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water lilies bordered the castle on the other three sides, thereby surrounding it with water. There were two drawbridges, but only one opened to a road that led into the town of Shelterhome. The other drawbridge set down on a road that led across open fields to the woods, and it was in that direction that Annie was looking when the cart came into sight. Because most carts were driven directly to the town of Shelterhome, seeing one headed for the castle was enough to make Annie pause. The cart itself didnâ&#x20AC;&#x2122;t look like much; it was a typical farm cart with two horses pulling it and a man perched on the seat. The only thing on the back of the cart was a large trunk, its metal hasps shining in the sunlight. Annie watched with interest as the cart approached the drawbridge and waited for the guards to let it pass. She could hear the wheels rumbling across the wooden planks. In less than a minute they were clattering over stone. Annie turned around to watch it enter the courtyard, where it trundled toward a row of carts that had come from town. The driver added his cart to the end of the row, then pulled his hat low over his eyes and seemed to fall asleep. Now that it was closer she could see that the cart wasnâ&#x20AC;&#x2122;t exactly like the ones in front of it; the back of the seat was curved instead of straight, and there were curious markings on the side, as if someone had tried to paint over an emblem using too-thin paint. One by one, the contents of the carts were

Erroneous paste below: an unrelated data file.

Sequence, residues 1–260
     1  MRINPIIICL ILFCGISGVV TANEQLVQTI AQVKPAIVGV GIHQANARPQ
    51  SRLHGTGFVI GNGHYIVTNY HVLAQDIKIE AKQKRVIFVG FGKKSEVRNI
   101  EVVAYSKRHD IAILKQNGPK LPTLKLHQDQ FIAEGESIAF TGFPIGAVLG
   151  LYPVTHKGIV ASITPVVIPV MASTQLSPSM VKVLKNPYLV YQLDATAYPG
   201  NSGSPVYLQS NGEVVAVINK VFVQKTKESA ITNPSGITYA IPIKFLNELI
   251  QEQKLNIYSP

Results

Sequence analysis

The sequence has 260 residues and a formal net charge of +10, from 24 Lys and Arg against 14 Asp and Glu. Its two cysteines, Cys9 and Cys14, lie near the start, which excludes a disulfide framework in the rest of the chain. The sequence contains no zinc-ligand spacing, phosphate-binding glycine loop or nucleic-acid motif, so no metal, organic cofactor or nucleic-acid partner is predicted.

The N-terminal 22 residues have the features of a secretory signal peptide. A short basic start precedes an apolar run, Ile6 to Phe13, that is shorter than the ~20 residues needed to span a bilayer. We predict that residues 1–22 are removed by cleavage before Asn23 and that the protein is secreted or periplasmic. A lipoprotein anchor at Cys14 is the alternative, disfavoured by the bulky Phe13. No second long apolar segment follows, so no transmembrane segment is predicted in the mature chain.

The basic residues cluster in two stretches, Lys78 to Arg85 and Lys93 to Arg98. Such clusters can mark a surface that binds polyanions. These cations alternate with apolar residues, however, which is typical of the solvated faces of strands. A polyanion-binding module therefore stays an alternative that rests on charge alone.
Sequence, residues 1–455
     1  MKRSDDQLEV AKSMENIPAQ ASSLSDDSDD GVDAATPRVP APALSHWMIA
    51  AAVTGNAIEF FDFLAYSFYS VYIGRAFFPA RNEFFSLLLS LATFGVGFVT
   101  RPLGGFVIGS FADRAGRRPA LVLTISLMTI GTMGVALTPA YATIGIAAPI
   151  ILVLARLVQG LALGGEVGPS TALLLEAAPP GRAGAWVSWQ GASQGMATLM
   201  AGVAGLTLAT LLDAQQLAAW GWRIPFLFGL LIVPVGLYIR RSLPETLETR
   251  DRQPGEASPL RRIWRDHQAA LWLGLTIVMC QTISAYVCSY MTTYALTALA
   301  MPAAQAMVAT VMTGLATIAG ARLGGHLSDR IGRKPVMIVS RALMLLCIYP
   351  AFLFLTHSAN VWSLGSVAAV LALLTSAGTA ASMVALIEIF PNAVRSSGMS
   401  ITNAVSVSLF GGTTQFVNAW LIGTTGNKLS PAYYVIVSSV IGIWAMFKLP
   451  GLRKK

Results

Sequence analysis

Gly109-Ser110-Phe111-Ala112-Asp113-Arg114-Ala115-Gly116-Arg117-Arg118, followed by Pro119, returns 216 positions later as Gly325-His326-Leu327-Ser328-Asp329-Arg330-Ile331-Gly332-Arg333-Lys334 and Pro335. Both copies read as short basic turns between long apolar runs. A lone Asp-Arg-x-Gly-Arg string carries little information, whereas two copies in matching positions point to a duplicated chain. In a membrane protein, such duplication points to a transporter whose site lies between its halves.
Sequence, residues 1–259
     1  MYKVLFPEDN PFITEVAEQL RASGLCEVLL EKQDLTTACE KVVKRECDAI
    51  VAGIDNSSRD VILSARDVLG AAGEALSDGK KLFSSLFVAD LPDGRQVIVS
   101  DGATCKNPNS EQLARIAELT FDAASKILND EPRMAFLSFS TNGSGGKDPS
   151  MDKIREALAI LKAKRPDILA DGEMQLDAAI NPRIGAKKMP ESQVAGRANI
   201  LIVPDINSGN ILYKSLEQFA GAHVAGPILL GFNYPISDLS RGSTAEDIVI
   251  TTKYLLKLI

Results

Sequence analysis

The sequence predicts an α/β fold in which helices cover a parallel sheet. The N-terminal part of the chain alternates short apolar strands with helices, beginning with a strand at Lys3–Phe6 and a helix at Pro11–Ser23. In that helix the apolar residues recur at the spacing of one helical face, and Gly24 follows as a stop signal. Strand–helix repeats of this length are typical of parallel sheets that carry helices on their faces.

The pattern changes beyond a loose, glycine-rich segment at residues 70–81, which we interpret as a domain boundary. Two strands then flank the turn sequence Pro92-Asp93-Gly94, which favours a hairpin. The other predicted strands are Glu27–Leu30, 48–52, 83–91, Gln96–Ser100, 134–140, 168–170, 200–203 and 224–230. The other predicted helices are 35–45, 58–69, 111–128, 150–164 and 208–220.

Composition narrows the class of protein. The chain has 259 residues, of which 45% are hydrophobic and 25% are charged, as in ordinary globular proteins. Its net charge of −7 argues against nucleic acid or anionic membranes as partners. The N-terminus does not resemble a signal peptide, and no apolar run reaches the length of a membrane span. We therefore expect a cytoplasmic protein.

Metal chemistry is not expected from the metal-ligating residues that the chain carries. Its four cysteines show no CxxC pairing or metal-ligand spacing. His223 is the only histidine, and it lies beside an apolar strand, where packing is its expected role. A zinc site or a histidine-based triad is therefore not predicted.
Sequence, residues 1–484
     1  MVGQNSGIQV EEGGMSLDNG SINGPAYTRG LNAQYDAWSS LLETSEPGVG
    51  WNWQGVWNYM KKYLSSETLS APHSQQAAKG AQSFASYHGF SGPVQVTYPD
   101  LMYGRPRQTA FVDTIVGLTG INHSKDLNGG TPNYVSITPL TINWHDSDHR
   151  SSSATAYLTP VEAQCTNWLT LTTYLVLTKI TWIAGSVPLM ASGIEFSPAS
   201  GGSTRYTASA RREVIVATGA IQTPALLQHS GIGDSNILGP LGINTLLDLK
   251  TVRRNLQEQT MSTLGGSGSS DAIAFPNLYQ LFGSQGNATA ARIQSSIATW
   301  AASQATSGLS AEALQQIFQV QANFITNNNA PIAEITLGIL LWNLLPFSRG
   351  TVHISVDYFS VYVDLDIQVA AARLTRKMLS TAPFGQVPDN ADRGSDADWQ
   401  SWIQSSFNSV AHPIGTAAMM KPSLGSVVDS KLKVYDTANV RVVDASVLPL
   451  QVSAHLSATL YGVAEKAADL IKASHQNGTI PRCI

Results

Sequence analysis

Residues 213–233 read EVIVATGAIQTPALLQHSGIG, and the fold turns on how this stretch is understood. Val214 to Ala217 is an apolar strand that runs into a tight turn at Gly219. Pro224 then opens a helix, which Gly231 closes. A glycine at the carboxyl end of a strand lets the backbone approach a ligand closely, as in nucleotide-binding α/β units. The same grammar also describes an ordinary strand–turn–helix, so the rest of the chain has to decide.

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inspected before servants hauled the goods into the castle. Because of Gwendolyn’s birthday, there were more carts than usual, and many of their burdens were gifts for the princess. Even so, each was inspected, including the gifts that had been wrapped. Containers big enough to hold a spinning wheel were given special attention. Growing bored, Annie moved on until she was able to look out over the Crystal River. She loved Treecrest and wouldn’t have minded spending the rest of her life there, but thinking about Gwendolyn’s marriage made her wonder about her own future. Normally, princesses were expected to marry handsome princes who would ride up on fiery stallions and carry the loves of their lives off to their own magnificent castles, where they would, of course, live happily ever after. Those were normal princesses, however, made perfect through a fairy godmother’s magic, not ordinary girls with ordinary talents. Girls who hadn’t been given magic gifts were considered less than desirable. No prince had ever shown the slightest interest in marrying Annie. For the last three centuries, the few princesses in their family who had never married remained at home, living with their parents, and later with whatever sibling inherited the throne. Everyone knew that Gwendolyn would marry soon after her sixteenth birthday. As the older daughter in a family without sons, whomever she married would join her on the throne someday. If 15